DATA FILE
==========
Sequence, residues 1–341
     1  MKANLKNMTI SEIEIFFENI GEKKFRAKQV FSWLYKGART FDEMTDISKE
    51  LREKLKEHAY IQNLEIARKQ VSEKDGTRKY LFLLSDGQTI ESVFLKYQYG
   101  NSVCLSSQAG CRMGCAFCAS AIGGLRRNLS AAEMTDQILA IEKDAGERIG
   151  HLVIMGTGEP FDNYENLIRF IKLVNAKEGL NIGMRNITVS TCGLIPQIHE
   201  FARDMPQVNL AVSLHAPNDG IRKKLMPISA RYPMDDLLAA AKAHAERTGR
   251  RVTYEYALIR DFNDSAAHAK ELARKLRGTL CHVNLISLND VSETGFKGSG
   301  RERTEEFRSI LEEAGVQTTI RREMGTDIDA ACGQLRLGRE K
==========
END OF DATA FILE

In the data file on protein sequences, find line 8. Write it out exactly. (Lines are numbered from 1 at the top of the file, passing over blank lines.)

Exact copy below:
   301  RERTEEFRSI LEEAGVQTTI RREMGTDIDA ACGQLRLGRE K